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(What I'm trying to do is work around the Application.Settings/MVVM problem by generating an interface and wrapper class from the vs-generated settings file.)

What I'd like to do is:

  • Parse a class declaration from file
  • Generate an interface declaration based on just the (non static) properties of the class
  • Generate a wrapper class which implements this interface, takes an instance of the original class in the constructor, and 'pipes' all the properties through to the instance.
  • Generate another class which implements the interface directly.

My question is two-fold:

  • Am I barking up the wrong tree? Would I be better off using Code-Dom, T4, Regex(!) for this, or part of this? (I don't mind a bit of extra work, as this is mostly a learning experience.)
  • If Roslyn is the way to go, which bit of it should I be looking at? I was kind of naively hoping that there would be some way of walking the tree and spitting out just the bits that I want, but I'm having trouble getting my head round whether/how to use the SyntaxRewriter to do it, or whether to use a fluent-style construction, querying the source multiple times for the bits I need.

If you want to comment on the MVVM aspect you can, but that's not the main thrust of the question :)

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Are you interested in other-than-Roslyn solutions? –  Ira Baxter May 2 '13 at 15:01
@IraBaxter, well, I guess if you've got something that's going to be 50% easier, I'd be interested for comparison's sake, at least. –  Benjol May 3 '13 at 5:14

3 Answers 3

If your requirement is parsing C# source code, then I think Roslyn is a good choice. And if you're going to use it for this part, I think it also makes sense to use it for code generations.

Code generation using Roslyn can be quite verbose (especially when compared with CodeDom), but I think that's not going to be a big issue for you.

I think SyntaxRewriter is best suited for making localized changes in code. But you're asking about parsing whole class and generating types based on that, I think for that, querying the syntax tree directly would work best.

For example, the simplest example of generating a read-only interface for all properties in a class could look something like this:

var originalClass =
string originalClassName = originalClass.Identifier.ValueText;
var properties =

var generatedInterface =
    Syntax.InterfaceDeclaration('I' + originalClassName)
                  p =>
                  Syntax.PropertyDeclaration(p.Type, p.Identifier)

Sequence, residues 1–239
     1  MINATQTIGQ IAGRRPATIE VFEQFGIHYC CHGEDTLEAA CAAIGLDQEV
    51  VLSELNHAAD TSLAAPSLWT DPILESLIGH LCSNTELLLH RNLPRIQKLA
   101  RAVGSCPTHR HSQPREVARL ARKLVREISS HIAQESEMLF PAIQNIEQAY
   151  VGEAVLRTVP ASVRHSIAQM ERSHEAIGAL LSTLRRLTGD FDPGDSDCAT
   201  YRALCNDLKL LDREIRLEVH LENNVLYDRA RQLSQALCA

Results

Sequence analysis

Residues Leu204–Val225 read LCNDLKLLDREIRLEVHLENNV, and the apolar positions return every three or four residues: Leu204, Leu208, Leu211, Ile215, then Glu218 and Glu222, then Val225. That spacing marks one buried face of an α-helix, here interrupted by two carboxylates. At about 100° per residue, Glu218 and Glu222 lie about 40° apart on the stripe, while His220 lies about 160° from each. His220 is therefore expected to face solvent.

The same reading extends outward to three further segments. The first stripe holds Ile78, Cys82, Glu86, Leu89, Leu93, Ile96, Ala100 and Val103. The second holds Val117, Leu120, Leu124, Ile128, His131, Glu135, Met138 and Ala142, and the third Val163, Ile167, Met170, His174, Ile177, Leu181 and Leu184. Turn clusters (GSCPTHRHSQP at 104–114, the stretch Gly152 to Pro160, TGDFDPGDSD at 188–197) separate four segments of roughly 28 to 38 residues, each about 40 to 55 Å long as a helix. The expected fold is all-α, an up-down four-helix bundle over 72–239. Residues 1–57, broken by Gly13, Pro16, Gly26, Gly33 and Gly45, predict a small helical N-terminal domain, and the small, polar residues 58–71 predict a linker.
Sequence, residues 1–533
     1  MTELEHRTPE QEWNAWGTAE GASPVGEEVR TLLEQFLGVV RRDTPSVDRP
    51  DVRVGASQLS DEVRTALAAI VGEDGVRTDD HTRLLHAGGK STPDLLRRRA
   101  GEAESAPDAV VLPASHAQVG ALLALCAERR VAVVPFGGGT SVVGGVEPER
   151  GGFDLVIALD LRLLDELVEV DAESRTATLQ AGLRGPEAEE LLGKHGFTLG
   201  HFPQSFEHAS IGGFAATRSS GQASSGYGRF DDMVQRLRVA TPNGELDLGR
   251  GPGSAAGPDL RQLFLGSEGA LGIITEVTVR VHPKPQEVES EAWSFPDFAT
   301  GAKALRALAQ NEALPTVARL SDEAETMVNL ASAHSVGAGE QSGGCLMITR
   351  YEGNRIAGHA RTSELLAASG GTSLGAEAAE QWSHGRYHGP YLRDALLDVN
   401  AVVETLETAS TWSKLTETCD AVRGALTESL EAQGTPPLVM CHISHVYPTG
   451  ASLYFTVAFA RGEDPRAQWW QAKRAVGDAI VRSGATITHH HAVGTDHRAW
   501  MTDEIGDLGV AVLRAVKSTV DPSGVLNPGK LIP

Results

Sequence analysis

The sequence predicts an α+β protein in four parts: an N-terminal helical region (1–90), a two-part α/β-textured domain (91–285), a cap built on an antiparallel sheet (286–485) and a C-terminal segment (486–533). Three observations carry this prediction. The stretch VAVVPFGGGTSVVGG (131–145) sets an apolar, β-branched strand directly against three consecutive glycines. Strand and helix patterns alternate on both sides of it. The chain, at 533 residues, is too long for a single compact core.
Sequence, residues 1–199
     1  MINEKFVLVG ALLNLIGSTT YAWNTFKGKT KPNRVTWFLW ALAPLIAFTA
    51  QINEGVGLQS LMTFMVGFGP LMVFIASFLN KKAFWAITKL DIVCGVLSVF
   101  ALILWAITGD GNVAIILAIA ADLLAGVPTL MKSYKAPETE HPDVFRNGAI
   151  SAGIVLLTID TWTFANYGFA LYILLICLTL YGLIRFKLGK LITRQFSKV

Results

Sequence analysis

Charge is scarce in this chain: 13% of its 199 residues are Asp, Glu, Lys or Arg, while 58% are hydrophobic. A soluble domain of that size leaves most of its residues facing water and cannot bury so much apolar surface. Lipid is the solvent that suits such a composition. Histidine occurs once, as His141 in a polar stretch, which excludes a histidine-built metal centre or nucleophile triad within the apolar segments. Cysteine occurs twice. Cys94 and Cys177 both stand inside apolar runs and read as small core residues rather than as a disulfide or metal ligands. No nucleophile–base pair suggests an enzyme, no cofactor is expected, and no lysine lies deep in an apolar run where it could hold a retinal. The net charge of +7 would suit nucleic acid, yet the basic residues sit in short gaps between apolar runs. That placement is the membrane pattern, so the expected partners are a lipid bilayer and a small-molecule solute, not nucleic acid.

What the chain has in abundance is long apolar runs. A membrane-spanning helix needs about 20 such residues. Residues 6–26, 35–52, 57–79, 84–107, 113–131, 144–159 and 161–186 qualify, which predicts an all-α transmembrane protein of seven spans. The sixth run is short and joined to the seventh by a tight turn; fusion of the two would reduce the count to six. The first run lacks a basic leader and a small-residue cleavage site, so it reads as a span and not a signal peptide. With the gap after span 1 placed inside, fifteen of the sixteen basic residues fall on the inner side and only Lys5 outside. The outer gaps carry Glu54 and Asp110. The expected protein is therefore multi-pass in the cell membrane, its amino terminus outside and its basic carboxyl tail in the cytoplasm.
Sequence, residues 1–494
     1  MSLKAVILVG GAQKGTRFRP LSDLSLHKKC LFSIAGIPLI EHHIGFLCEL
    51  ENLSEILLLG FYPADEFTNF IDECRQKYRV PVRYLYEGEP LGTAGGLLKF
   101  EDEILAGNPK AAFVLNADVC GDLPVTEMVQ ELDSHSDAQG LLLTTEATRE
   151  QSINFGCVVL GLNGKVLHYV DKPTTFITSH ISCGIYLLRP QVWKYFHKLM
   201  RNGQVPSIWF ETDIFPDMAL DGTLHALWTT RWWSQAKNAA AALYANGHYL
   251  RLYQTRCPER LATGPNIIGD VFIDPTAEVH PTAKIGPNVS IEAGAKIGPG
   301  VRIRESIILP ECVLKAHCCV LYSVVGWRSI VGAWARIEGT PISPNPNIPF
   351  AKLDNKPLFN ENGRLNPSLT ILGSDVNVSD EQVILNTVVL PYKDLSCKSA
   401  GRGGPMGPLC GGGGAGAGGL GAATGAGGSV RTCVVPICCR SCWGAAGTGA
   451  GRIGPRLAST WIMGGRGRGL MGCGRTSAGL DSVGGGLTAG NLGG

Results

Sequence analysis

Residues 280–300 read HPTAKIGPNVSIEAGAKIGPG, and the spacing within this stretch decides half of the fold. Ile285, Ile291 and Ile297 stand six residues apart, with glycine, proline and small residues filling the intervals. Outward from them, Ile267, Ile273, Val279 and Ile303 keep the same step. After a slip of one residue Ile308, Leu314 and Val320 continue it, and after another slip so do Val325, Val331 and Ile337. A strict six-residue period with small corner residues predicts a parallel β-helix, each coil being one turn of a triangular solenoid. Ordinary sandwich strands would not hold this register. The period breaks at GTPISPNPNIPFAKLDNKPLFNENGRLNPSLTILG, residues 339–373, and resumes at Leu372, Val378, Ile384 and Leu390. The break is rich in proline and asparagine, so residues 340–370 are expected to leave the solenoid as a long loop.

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Reassuring: whilst waiting for answers, I got to something pretty close to this, though it was a bit more verbose (I wanted to be clever and avoid statics, and private or internal accessors. Just out of curiosity, do you have any idea why it's AddAccessorListAccessors and not AddAccessorList? –  Benjol May 3 '13 at 5:15
Still working on this, but I wonder: might I not be better off using the semantic model here? –  Benjol May 3 '13 at 9:28
@Benjol I'm not sure what would you need the semantic model for, but it's certainly possible there is something in it that you could use. –  svick May 3 '13 at 12:43
I thought it might be a way to get away from some of the verbosity, but I'd have to try and compare to see. And now I've got something working... –  Benjol May 3 '13 at 13:12
Semantic model is a way to get semantic information about the code (e.g. what specific type does Point represent), it can't be used for code generation. –  svick May 3 '13 at 13:15

I think Roslyn is a great way to solve this problem. In terms of what part of Roslyn would I use - I would probably use a SyntaxWalker over the original class, and then use the Fluent API to build up new SyntaxNodes for the new types you want to generate. You may be able to re-use some parts of the original tree in the generated code (for example, the argument lists, etc).

A quick example of what this might look like is:

using System;
using System.Collections.Generic;
using System.Linq;
using System.Text;
using Roslyn.Compilers;
using Roslyn.Compilers.CSharp;
using Roslyn.Services;
using Roslyn.Services.CSharp;

    class Program
        static void Main(string[] args)
            var syntaxTree = SyntaxTree.ParseText(@"
class C
    internal void M(string s, int i)


class Walker : SyntaxWalker
    private InterfaceDeclarationSyntax @interface = Syntax.InterfaceDeclaration("ISettings");

    private ClassDeclarationSyntax wrapperClass = Syntax.ClassDeclaration("SettingsWrapper")

    private ClassDeclarationSyntax @class = Syntax.ClassDeclaration("SettingsClass")

    public override void VisitMethodDeclaration(MethodDeclarationSyntax node)
        var parameters = node.ParameterList.Parameters.ToArray();
        var typeParameters = node.TypeParameterList.Parameters.ToArray();
        @interface = @interface.AddMembers(
            Syntax.MethodDeclaration(node.ReturnType, node.Identifier.ToString())

        // More code to add members to the classes too.
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Interesting idea, to walk the tree and build all the bits in parallel... Now I'm torn between this and svick's suggestion. I'll have to try both! –  Benjol May 3 '13 at 5:17

I am doing something very similar, and I am using Roslyn to parse the existing C# code as well. However, I am using T4 templates to generate the new code. T4 templates are designed for text generation, and provide a very nice abstraction so that you can actually specify stuff that LOOKS like code instead of this crazy object tree.

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